Proposal Title

Framing Diversity for Multiple Stakeholders

Proposal Abstract

To broaden stakeholder buy-in and break through the diversity paradox (those who are sensitized to the issue come to training while those who are not, don’t), faculty development around diversity issues needs to be framed in multiple ways. We present a case study of a mid-size New England private comprehensive university that has a troubled history and still struggles to convey the importance of diversity issues to the entire faculty community. Framing the conversation financially, pedagogically, and ethically helped the Faculty Diversity Committee secure from the Provost two hours of the single day of the year all faculty are required to gather; inviting a (white male) science faculty from a comparable university to discuss his quantitative data broadened the appeal to disciplines outside the humanities and social sciences; presenting current theories of diversity flashpoints along with current retention statistics showed the human and statistical costs to the institution; and, most importantly, working with vignettes from currently enrolled students gave all faculty members an awareness of the harm of even unintentional insensitivity in their own classrooms. Among the most significant findings in the vignette data was the impact of faculty insensitivity on student bystanders, indicating that flashpoints affect the entire classroom and therefore institutional dynamics. Over 200 positive faculty evaluations encouraged us to create an ongoing resource site through which we can measure new allies.

Session Activity: Participants will work with a sample student vignette, looking at it from different stakeholder perspectives, including administrators, faculty, and students—both victims and witnesses.

Session Outcome:

Participants will be able to articulate appropriate framing mechanisms for multiple stakeholders in order to argue effectively for significant and broad-based dedication of resources.

Location

Room 2005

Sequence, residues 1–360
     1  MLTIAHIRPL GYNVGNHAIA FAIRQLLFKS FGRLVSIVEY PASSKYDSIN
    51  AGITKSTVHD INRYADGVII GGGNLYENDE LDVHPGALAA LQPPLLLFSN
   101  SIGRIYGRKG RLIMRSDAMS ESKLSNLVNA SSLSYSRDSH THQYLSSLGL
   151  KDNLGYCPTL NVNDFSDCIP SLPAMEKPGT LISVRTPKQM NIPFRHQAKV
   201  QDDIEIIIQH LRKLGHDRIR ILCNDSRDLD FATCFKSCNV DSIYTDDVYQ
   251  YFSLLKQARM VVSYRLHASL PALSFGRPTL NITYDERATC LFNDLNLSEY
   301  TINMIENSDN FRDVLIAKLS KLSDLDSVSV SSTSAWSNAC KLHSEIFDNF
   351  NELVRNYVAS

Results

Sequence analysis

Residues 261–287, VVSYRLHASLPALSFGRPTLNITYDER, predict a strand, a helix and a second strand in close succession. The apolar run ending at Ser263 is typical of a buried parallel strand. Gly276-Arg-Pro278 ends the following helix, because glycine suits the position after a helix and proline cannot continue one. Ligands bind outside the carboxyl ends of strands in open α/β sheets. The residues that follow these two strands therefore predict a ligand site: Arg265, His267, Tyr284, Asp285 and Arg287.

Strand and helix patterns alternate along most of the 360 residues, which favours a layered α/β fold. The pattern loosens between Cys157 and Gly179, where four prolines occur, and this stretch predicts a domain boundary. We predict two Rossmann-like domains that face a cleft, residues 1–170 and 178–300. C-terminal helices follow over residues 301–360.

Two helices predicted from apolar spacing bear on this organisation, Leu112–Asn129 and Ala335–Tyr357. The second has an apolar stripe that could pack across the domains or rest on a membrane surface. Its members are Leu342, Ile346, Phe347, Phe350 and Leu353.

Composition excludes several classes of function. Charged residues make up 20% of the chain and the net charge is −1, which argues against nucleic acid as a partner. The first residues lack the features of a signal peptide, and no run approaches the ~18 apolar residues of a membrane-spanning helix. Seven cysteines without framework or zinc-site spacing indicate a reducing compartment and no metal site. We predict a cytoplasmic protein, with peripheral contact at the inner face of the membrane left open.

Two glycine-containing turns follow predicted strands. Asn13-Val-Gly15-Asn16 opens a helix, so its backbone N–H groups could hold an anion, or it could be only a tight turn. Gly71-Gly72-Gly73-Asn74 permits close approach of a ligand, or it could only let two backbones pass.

Publication Type and Release Option

Presentation (Open Access)

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Mar 27th, 9:00 AM Mar 27th, 9:45 AM

Framing Diversity for Multiple Stakeholders

Room 2005

To broaden stakeholder buy-in and break through the diversity paradox (those who are sensitized to the issue come to training while those who are not, don’t), faculty development around diversity issues needs to be framed in multiple ways. We present a case study of a mid-size New England private comprehensive university that has a troubled history and still struggles to convey the importance of diversity issues to the entire faculty community. Framing the conversation financially, pedagogically, and ethically helped the Faculty Diversity Committee secure from the Provost two hours of the single day of the year all faculty are required to gather; inviting a (white male) science faculty from a comparable university to discuss his quantitative data broadened the appeal to disciplines outside the humanities and social sciences; presenting current theories of diversity flashpoints along with current retention statistics showed the human and statistical costs to the institution; and, most importantly, working with vignettes from currently enrolled students gave all faculty members an awareness of the harm of even unintentional insensitivity in their own classrooms. Among the most significant findings in the vignette data was the impact of faculty insensitivity on student bystanders, indicating that flashpoints affect the entire classroom and therefore institutional dynamics. Over 200 positive faculty evaluations encouraged us to create an ongoing resource site through which we can measure new allies.

Session Activity: Participants will work with a sample student vignette, looking at it from different stakeholder perspectives, including administrators, faculty, and students—both victims and witnesses.

Session Outcome:

Participants will be able to articulate appropriate framing mechanisms for multiple stakeholders in order to argue effectively for significant and broad-based dedication of resources.